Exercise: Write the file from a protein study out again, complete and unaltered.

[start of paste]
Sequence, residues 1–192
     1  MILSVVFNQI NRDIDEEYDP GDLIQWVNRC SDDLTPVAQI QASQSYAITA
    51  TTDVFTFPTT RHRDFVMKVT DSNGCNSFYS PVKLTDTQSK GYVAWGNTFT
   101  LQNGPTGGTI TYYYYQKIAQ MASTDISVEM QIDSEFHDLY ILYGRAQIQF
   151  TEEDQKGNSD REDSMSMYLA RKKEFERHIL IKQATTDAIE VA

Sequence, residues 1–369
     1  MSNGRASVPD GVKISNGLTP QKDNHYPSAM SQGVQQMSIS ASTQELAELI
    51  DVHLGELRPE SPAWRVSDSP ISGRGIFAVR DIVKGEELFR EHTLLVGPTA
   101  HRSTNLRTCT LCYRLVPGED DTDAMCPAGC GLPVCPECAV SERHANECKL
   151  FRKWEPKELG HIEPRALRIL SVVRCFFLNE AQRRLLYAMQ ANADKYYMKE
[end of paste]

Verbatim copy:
Sequence, residues 1–192
     1  MILSVVFNQI NRDIDEEYDP GDLIQWVNRC SDDLTPVAQI QASQSYAITA
    51  TTDVFTFPTT RHRDFVMKVT DSNGCNSFYS PVKLTDTQSK GYVAWGNTFT
   101  LQNGPTGGTI TYYYYQKIAQ MASTDISVEM QIDSEFHDLY ILYGRAQIQF
   151  TEEDQKGNSD REDSMSMYLA RKKEFERHIL IKQATTDAIE VA

Sequence, residues 1–369
     1  MSNGRASVPD GVKISNGLTP QKDNHYPSAM SQGVQQMSIS ASTQELAELI
    51  DVHLGELRPE SPAWRVSDSP ISGRGIFAVR DIVKGEELFR EHTLLVGPTA
   101  HRSTNLRTCT LCYRLVPGED DTDAMCPAGC GLPVCPECAV SERHANECKL
   151  FRKWEPKELG HIEPRALRIL SVVRCFFLNE AQRRLLYAMQ ANADKYYMKE